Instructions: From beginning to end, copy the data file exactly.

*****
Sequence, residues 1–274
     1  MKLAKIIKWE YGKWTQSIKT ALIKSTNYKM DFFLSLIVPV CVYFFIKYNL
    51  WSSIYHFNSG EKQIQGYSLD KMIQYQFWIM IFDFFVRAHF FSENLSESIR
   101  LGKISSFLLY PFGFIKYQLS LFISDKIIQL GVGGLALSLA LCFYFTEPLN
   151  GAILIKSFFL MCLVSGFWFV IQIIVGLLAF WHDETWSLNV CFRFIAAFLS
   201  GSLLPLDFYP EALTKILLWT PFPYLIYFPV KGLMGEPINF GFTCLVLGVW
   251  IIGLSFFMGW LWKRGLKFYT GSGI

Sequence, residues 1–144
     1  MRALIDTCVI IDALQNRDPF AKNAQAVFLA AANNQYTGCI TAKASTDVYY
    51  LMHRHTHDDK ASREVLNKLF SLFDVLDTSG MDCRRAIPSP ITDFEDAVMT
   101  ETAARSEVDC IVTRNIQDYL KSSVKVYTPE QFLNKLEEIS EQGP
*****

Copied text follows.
Sequence, residues 1–274
     1  MKLAKIIKWE YGKWTQSIKT ALIKSTNYKM DFFLSLIVPV CVYFFIKYNL
    51  WSSIYHFNSG EKQIQGYSLD KMIQYQFWIM IFDFFVRAHF FSENLSESIR
   101  LGKISSFLLY PFGFIKYQLS LFISDKIIQL GVGGLALSLA LCFYFTEPLN
   151  GAILIKSFFL MCLVSGFWFV IQIIVGLLAF WHDETWSLNV CFRFIAAFLS
   201  GSLLPLDFYP EALTKILLWT PFPYLIYFPV KGLMGEPINF GFTCLVLGVW
   251  IIGLSFFMGW LWKRGLKFYT GSGI

Sequence, residues 1–144
     1  MRALIDTCVI IDALQNRDPF AKNAQAVFLA AANNQYTGCI TAKASTDVYY
    51  LMHRHTHDDK ASREVLNKLF SLFDVLDTSG MDCRRAIPSP ITDFEDAVMT
   101  ETAARSEVDC IVTRNIQDYL KSSVKVYTPE QFLNKLEEIS EQGP